The current efforts in the eastern U.S., including New York City, to start the enforcement of seismic building codes for new constructions are important first steps in the right direction. Similarly, the emerging efforts to include seismic rehabilitation strategies in the generally needed overhaul of the cities’ aged infrastructures such as bridges, water, sewer, power and transportation is commendable and needs to be pursued with diligence and persistence. But at the current pace of new construction replacing older buildings and lifelines, it will take many decades or a century before a major fraction of the stock of built assets will become seismically more resilient than the current inventory is. For some time, this leaves society exposed to very high seismic risks. The only consolation is that seismicity on average is low, and, hence with some luck, the earthquakes will not outpace any ongoing efforts to make eastern cities more earthquake resilient gradually. Nevertheless, M = 5 to M = 6 earthquakes at distances of tens of km must be considered a credible risk at almost any time for cities like Boston, New York or Philadelphia. M = 7 events, while possible, are much less likely; and in many respects, even if building codes will have affected the resilience of a future improved building stock, M = 7 events would cause virtually unmanageable situations. Given these bleak prospects, it will be necessary to focus on crucial elements such as maintaining access to cities by strengthening critical bridges, improving the structural and nonstructural performance of hospitals, and having a nationally supported plan how to assist a devastated region in case of a truly severe earthquake. No realistic and coordinated planning of this sort exists at this time for most eastern cities.
The current efforts by the Federal Emergency Management Administration (FEMA) via the National Institute of Building Sciences (NIBS) to provide a standard methodology (RMS, 1994) and planning tools for making systematic, computerized loss estimates for annualized probabilistic calculations as well as for individual scenario events, is commendable. But these new tools provide only a shell with little regional data content. What is needed are the detailed data bases on inventory of buildings and lifelines with their locally specific seismic fragility properties. Similar data are needed for hospitals, shelters, firehouses, police stations and other emergency service providers. Moreover, the soil and rock conditions which control the shaking and soil liquefaction properties for any given event, need to be systematically compiled into Geographical Information System (GIS) data bases so they can be combined with the inventory of built assets for quantitative loss and impact estimates. Even under the best of conceivable funding conditions, it will take years before such data bases can be established so they will be sufficiently reliable and detailed to perform realistic and credible loss scenarios. Without such planning tools, society will remain in the dark as to what it may encounter from a future major eastern earthquake. Given these uncertainties, and despite them, both the public and private sector must develop at least some basic concepts for contingency plans. For instance, the New York City financial service industry, from banks to the stock and bond markets and beyond, ought to consider operational contingency planning, first in terms of strengthening their operational facilities, but also for temporary backup operations until operations in the designated facilities can return to some measure of normalcy. The Federal Reserve in its oversight function for this industry needs to take a hard look at this situation.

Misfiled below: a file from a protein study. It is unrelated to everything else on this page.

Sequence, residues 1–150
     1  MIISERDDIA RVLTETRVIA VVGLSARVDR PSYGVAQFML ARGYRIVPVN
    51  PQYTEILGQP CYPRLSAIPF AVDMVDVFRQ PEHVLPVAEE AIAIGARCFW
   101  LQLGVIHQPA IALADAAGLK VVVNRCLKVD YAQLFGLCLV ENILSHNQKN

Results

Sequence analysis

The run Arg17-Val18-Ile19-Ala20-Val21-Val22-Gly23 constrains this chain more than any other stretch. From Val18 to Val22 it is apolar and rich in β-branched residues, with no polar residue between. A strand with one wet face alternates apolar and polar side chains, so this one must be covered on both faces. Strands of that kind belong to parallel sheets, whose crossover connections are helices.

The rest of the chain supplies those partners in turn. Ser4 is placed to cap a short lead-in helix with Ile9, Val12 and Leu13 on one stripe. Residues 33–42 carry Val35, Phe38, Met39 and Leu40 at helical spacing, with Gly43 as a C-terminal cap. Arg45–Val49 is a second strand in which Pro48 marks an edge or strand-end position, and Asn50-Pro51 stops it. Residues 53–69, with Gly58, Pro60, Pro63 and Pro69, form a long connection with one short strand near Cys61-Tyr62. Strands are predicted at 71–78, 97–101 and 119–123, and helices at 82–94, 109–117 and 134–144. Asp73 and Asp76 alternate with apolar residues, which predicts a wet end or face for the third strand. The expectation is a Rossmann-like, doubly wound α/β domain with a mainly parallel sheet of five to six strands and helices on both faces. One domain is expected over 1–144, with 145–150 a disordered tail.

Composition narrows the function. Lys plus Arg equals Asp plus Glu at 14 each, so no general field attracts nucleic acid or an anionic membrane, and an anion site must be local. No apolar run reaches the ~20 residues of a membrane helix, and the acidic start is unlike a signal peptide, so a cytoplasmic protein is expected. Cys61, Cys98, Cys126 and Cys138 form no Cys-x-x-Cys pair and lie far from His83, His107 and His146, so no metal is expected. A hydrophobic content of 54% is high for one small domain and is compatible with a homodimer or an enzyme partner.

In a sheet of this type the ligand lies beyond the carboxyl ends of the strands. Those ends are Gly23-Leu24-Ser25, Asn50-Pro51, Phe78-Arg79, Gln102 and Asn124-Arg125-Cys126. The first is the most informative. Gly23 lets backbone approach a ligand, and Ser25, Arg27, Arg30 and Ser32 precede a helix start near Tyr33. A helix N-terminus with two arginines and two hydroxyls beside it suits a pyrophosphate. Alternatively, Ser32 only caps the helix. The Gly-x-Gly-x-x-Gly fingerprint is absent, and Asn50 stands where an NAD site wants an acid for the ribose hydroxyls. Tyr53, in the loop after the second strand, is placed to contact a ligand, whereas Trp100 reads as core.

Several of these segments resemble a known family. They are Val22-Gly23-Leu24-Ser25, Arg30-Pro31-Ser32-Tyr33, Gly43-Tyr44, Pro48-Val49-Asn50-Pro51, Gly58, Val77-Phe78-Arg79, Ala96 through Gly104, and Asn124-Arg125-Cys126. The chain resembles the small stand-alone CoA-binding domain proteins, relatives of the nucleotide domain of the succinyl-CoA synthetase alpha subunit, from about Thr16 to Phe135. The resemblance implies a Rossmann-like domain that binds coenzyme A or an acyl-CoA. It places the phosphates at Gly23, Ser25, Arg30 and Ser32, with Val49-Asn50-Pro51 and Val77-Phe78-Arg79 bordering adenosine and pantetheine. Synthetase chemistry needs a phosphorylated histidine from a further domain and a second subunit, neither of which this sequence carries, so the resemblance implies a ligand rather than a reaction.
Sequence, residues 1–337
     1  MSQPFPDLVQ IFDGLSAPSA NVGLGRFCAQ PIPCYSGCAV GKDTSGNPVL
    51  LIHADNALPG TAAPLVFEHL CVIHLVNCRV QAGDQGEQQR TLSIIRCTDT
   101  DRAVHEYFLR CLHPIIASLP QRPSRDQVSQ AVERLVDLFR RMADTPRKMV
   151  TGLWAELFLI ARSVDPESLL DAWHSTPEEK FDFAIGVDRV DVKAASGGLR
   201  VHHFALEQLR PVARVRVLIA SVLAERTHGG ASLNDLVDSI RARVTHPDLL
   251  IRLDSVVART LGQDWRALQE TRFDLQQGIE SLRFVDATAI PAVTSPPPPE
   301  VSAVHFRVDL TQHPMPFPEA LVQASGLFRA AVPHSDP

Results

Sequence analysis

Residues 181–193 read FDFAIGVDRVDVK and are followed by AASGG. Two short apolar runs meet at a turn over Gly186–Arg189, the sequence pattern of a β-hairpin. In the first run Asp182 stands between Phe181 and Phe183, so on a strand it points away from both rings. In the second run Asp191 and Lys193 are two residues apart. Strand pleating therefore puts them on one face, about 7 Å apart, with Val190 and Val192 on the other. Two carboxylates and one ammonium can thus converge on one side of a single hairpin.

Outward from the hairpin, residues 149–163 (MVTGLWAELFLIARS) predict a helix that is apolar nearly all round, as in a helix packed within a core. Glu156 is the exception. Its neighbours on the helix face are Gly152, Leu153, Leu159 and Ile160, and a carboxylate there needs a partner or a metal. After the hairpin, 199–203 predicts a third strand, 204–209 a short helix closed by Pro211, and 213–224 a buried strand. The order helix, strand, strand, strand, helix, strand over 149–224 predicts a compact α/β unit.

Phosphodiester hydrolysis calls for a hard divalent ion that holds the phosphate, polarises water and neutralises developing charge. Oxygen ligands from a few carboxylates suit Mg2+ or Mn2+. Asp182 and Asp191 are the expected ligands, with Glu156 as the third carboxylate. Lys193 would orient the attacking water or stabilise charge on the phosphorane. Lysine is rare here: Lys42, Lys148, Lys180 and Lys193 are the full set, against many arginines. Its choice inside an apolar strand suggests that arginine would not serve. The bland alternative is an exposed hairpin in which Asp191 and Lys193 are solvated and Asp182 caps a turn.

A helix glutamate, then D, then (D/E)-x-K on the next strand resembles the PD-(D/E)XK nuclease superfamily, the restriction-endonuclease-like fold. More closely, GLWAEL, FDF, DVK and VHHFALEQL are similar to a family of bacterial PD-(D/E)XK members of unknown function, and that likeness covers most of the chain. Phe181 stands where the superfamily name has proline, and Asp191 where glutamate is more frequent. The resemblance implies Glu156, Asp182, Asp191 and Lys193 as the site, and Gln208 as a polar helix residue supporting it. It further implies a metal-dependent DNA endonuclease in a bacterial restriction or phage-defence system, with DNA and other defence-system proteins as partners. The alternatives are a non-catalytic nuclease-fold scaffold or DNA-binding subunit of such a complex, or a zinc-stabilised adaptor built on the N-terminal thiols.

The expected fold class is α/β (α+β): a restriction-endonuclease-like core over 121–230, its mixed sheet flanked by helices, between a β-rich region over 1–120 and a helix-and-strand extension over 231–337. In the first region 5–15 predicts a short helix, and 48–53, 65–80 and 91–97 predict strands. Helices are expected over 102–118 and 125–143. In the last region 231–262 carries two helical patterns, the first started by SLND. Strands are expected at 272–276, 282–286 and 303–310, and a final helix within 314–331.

A society, whose economy depends increasingly so crucially on rapid exchange of vast quantities of information must become concerned with strengthening its communication facilities together with the facilities into which the information is channeled. In principle, the availability of satellite communication (especially if self-powered) with direct up and down links, provides here an opportunity that is potentially a great advantage over distributed buried networks. Distributed networks for transportation, power, gas, water, sewer and cabled communication will be expensive to harden (or restore after an event).
In all future instances of major capital spending on buildings and urban infrastructures, the incorporation of seismically resilient design principles at all stages of realization will be the most effective way to reduce society’s exposure to high seismic risks. To achieve this, all levels of government need to utilize legislative and regulatory options; insurance industries need to build economic incentives for seismic safety features into their insurance policy offerings; and the private sector, through trade and professional organizations’ planning efforts, needs to develop a healthy self-protective stand. Also, the insurance industry needs to invest more aggressively into broadly based research activities with the objective to quantify the seismic hazards, the exposed assets and their seismic fragilities much more accurately than currently possible. Only together these combined measures may first help to quantify and then reduce our currently untenably large seismic risk exposures in the virtually unprepared eastern cities. Given the low-probability/high-impact situation in this part of the country, seismic safety planning needs to be woven into both the regular capital spending and daily operational procedures. Without it we must be prepared to see little progress. Unless we succeed to build seismic safety considerations into everyday decision making as a normal procedure of doing business, society will lose the race against the unstoppable forces of nature. While we never can entirely win this race, we can succeed in converting unmitigated catastrophes into manageable disasters, or better, tolerable natural events.